Termites in the Support Beams: Ecosystem services and biodiversity loss

The chaos of the Trump administration has given us some insight to what it will be like to deal with the escalating crises of climate change. There is so much going on that a lot is getting lost in the desperate attempts of our media to report on everything. It seems to be an effective way to confuse public opinion, and could well be the soundtrack for the downfall of our attempt at something like a liberal democracy.

Likewise, as the planet warms, more and more attention will rightly be paid to big events – storms that push the rising seas farther inland than ever before, or killer heat waves, or the troubles of climate refugees, or the wars sparked by climate-driven desperation. As all of that is happening, however, there will be other problems with more subtle effects. We are surrounded by plants and animals most people never think about, and some of them play important roles in our lives without any direct interaction.

Under Free-Market Fundamentalism, everything must be justified in terms of money, but I think that even if that wasn’t the case, knowing exactly where we fit in our ecosystems is a good thing. The term used to encompass the economic value provided by the rest of the biosphere is “ecosystem services”. To be clear – this doesn’t apply to things that we harvest or kill, but rather to the ways in which Earth’s “natural” ecosystems benefit us as a side effect of their daily existence.

A straightforward example would be insect-eating bats. If something like white-nose syndrome or a bad drought were to wipe out all the bats in North America, our agricultural sectors would have to spend billions more on pest control than they already do. Another famous example would be the manatee, which saves Florida vast sums of money by eating the plant life that would otherwise have to be cleared from the waterways through labor or through poison.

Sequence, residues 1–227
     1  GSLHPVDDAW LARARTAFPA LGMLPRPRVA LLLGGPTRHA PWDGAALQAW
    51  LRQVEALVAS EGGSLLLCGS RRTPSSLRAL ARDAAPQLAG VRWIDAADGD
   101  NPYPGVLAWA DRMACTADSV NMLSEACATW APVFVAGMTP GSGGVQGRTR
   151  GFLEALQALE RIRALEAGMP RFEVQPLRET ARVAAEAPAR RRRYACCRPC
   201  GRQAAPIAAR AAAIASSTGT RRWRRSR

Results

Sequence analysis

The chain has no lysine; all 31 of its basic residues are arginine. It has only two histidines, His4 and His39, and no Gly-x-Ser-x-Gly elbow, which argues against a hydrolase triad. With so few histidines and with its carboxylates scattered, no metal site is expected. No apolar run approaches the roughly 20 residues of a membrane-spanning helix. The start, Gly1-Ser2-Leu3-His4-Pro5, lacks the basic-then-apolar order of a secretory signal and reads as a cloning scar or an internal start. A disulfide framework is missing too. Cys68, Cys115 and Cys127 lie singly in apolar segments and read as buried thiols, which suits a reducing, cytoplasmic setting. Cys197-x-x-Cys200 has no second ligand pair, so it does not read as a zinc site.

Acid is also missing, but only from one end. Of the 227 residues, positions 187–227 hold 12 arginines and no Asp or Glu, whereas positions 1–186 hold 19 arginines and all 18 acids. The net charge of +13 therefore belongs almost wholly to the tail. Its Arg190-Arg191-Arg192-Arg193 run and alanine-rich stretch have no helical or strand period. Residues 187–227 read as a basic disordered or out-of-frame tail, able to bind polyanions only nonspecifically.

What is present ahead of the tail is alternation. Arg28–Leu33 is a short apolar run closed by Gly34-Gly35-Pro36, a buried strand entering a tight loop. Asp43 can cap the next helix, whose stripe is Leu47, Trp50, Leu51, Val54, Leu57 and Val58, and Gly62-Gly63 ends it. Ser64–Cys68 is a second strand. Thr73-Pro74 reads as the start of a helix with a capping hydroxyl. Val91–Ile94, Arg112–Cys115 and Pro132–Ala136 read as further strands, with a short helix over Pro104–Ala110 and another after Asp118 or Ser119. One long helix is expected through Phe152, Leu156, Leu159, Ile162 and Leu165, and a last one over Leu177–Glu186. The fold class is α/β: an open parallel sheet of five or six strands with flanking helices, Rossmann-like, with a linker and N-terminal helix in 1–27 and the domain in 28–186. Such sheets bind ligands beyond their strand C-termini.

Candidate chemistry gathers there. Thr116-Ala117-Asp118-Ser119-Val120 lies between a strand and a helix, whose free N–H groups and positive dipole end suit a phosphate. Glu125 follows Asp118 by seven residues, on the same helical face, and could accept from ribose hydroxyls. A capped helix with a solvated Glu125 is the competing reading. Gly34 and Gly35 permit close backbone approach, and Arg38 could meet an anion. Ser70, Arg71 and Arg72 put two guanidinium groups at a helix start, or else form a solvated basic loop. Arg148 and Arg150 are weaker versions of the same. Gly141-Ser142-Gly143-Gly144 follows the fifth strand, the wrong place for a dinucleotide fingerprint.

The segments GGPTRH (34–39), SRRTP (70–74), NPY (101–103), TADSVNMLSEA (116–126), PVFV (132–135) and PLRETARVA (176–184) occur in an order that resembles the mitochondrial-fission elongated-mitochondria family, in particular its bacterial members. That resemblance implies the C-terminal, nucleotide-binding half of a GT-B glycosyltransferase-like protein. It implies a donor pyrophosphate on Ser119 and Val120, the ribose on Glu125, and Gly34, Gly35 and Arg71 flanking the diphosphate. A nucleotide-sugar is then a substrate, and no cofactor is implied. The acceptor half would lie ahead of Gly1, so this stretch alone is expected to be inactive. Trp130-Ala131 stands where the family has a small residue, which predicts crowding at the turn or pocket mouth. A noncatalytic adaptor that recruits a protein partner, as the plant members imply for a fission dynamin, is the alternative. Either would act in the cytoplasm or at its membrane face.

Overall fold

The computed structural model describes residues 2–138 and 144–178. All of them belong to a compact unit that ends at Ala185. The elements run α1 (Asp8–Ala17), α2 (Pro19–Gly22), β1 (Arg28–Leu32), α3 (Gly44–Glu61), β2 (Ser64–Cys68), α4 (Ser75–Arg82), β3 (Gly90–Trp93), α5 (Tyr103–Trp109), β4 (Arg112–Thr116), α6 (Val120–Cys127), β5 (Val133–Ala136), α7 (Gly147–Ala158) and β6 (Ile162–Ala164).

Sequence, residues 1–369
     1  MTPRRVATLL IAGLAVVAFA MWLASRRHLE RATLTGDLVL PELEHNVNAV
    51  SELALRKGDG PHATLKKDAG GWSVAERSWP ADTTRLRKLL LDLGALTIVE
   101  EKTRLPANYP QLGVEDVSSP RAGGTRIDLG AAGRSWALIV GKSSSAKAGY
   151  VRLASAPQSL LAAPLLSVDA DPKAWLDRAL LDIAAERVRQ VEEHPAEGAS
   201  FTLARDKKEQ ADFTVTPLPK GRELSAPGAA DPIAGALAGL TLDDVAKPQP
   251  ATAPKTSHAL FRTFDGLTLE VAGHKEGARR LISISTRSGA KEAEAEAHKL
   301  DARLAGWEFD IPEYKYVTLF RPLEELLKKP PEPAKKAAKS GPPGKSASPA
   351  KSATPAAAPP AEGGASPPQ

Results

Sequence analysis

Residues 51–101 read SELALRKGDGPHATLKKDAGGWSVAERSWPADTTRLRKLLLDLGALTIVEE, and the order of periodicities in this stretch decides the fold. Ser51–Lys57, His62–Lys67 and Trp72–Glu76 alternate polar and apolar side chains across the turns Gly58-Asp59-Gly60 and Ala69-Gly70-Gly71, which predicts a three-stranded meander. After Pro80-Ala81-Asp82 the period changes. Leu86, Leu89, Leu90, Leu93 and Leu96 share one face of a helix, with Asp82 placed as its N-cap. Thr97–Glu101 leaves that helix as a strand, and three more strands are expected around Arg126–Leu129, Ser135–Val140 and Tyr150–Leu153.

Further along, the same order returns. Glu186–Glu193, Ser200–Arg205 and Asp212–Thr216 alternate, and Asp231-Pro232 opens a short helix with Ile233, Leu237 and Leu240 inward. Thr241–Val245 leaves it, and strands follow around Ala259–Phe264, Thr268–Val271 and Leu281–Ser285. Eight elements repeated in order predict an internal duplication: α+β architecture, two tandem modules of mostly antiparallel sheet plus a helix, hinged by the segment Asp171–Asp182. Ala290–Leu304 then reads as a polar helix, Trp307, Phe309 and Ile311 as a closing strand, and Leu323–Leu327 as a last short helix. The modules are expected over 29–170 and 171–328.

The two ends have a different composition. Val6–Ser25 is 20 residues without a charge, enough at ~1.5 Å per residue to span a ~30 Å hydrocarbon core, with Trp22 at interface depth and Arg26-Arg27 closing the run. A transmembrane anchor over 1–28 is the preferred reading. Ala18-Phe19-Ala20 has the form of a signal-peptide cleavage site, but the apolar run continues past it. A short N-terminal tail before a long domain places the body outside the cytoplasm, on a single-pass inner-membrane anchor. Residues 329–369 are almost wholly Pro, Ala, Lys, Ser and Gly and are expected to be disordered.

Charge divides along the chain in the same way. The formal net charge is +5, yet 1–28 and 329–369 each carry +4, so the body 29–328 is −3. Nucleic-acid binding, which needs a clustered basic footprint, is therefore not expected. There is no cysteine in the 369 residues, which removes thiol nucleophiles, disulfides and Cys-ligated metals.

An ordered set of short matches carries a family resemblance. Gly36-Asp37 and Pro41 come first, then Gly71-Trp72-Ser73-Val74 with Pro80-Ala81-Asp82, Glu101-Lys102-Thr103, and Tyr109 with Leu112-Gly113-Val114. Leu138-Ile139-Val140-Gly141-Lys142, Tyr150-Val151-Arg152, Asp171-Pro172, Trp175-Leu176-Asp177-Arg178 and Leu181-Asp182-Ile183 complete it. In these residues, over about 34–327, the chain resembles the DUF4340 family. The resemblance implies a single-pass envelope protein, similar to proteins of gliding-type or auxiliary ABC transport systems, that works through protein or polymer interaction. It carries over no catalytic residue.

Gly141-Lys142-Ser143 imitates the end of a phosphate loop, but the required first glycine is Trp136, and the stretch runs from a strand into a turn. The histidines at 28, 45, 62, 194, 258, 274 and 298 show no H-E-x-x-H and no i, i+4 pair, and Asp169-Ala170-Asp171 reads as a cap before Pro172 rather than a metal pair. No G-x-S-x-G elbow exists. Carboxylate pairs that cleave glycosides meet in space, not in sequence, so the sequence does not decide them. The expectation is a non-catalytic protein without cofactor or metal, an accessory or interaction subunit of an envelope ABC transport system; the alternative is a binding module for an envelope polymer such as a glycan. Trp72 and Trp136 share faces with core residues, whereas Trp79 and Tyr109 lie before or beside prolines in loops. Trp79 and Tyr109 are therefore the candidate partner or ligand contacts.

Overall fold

A more stark example is the oxygen provided by the planet’s photosynthetic organisms.

For much of the planet, we don’t even know the degree to which the biosphere benefits human societies, but as ecosystems continue to destabilize and collapse, we’ll start to notice their absence. A common response to hearing about climate change is to dismiss it on the grounds that the planet is so huge that we couldn’t possibly force any planet-wide changes. Not only does this show a failure to grasp the scale of our carbon emissions, but it also shows a lack of understanding of how the biosphere is an active participant in the planet’s climate system.

If you remove trees from an area, their absence dramatically changes the local weather patterns. If the wrong species goes extinct – what’s known as a keystone species – an ecosystem can be thrown out of balance.

And if the ecosystem is  already  out of balance due to rising temperatures, or changing wind patterns, or rising seas, then the outcome could end up looking pretty grim. There has been a lot of attention given to the idea that we’re causing a mass extinction, but it’s important to note that in many ways we’re still in the early stages of that. Many, many species are close to extinction due to human activity, and as the temperature rises, we’re almost certainly going to see them drop off at an accelerating rate.

The Permian-Triassic extinction event ended with over 90% of species dead, and unfortunately it’s very likely that that is the kind of situation we’re going to be living through by the end of this century. I hope I’m wrong about that, but avoiding it seems pretty unlikely right now.

The reality is that we don’t know what effect that will have on the climate, or on us. What we do know is that it’s likely to put a strain on all of our resources, which will already be strained by everything else going on in the world.

Our country largely views conservation and the protection of endangered species as a sort of charity hobby for hippies. No matter what the rhetoric is, the way our country operates makes that clear. For most Americans, the question of the Keystone pipeline, for example, was not whether or not we should be using tar sands bitumen, but how to transport the stuff because we can’t wait to burn it!

Ecologists, who spend their lives studying how different species interact with each other and their physical environment, have largely seen a very different picture of the world, and from that perspective, the less biodiversity we have, the more likely we are to see a “sudden” collapse that was generations in the making.

Keeping track of the changes happening to our planet will be essential to any planning for the future, more so now than at any time in the last few thousand years. If we’re going to build a better world, it will require an amount of social, economic, and infrastructure change that may be unheard of in human history.

Obviously, we’ve got some work to do.

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